From “Dance in the Dark: Preaching the Blues Without Despair”
By Rev. Dr. Otis Mott III
A little girl about six years old taught me a wonderful lesson…when Trinity Church was going through a very painful moment. My predecessor had been unfairly lifted up and attacked in the media because a person who’d been kissed by nature’s sun was running for the presidency. As a result, media were outside of our church every day. There were a hundred death threats every week: “We are going to kill you. We are going to bomb your church.”
The stress was so painful that it was very difficult to sleep at night. One night I was half asleep and heard a noise in the house. My wife, Monica, punched me and said, “You go check that out.”…I looked downstairs, and then I heard the noise again. I made my way back upstairs and peaked in my daughter’s room. There was my daughter Makayla dancing in the darkness—just spinning around, saying, “Look at me, Daddy.”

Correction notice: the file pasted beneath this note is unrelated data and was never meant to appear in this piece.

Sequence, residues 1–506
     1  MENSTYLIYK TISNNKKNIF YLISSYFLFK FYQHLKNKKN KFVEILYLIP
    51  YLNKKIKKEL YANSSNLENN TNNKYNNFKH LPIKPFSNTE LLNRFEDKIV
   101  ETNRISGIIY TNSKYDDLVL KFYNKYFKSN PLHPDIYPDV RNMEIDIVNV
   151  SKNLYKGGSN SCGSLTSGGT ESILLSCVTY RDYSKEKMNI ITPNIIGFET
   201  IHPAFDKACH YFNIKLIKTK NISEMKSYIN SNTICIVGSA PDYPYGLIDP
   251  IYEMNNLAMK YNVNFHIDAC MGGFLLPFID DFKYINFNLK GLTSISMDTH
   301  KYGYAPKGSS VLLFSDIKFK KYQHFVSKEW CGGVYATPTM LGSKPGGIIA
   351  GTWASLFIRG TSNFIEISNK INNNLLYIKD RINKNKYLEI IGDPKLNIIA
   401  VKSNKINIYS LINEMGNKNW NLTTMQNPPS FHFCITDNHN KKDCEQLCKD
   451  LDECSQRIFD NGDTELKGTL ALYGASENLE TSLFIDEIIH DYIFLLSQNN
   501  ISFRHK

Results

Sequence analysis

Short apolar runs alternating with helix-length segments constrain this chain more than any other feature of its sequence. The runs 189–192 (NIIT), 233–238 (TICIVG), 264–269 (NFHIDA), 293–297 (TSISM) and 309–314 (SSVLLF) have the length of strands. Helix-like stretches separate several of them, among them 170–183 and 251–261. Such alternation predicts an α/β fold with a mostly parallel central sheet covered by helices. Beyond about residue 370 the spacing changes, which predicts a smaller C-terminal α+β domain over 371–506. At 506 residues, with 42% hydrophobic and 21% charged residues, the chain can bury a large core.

I said, “Makayla, you need to go to bed. It is 3am. You need to go to bed.”
But she said, “No, look at me, Daddy. Look at me.”
And she was spinning, barrettes going back and forth, pigtails going back and forth.
I was getting huffy and puffy wanting her to go to bed, but then God spoke to me. “Look at your daughter! She’s dancing in the dark. The darkness is all around her but it is not in her!”
Makayla reminded me that weeping may endure for a night, but if you dance long enough, joy will come in the morning. It is the job of preachers to teach the Blue Note gospel, the gospel that sends this word to us in the hardest of times: do not let the darkness find its way in you. Dance in the dark.